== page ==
The Lighthouse


Time for another update, sadly I don’t often get round to writing any more articles for this blog, and when I do I dislike what I’ve previously done and start again without finishing, and so a vicious cycle emerges!

As for the photographic side of things, I have been taking pictures which are leaning to more of the documentary side than the aesthetic side, they are on good old-fashioned film and I haven’t had the roll developed yet! Luckily I had this edit which I had completely forgotten about, and thought it was pretty enough to share with everyone.

I’m really going to miss the city in which this shot was taken: Plymouth. I have spent the past 4 years of my life living and studying there and am saddened, perhaps even regretful, that I have to leave. Although the city is hardly what one would describe as exceptional or pleasant, I have developed both a fondness and familiarity for the area which can only be obtained through a prolonged stay. I found myself considering the ugly, grey towers of the 1960s that scar the landscape to be charming and characteristic of the area, reflections of the city’s history. The same can be said for the toothless, unwashed dwellers of the city centre, who at the time were petulant and abrasive, and are now considered to be aligned with the good memories I have of the place.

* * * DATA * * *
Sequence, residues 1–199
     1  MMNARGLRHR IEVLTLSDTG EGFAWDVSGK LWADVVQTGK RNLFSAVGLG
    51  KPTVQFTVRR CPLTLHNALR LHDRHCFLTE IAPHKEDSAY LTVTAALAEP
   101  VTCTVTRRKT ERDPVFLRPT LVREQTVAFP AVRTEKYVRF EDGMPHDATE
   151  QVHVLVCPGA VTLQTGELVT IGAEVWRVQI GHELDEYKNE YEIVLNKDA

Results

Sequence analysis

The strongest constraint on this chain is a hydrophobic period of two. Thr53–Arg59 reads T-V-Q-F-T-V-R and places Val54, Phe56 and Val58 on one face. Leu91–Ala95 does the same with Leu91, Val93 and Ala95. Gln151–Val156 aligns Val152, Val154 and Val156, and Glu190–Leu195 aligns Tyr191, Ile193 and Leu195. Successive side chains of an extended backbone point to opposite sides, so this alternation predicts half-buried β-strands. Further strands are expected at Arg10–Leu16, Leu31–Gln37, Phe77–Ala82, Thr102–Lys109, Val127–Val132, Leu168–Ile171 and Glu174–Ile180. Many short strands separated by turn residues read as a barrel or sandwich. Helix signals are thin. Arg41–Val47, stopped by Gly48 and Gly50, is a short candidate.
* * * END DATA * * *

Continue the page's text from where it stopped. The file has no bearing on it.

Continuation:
These things are but trivialities compared to the friends I made, the romances I had, and the stories I have to tell, some as strange and ridiculous as you have ever heard. I mean to chronicle the best of them at some point in the future before they are buried beneath new memories. And so it was with a heavy heart that I gazed out of my father’s car at the blurred and distorted streets which had been the stage and set of this act of my life’s play.

Nonetheless I am excited about the future, and there are only good things to come now, though I still find it important to reflect.


I’m back

Apologies to everyone who’s been diligently checking for new posts over the past month or two, I’ve been mining my way through an avalanche of work which hit me this past academic term. However my assignments, and also my entire degree, are finally over and I can now spend some more time taking pictures, writing, and hopefully picking the blog up from where I left off.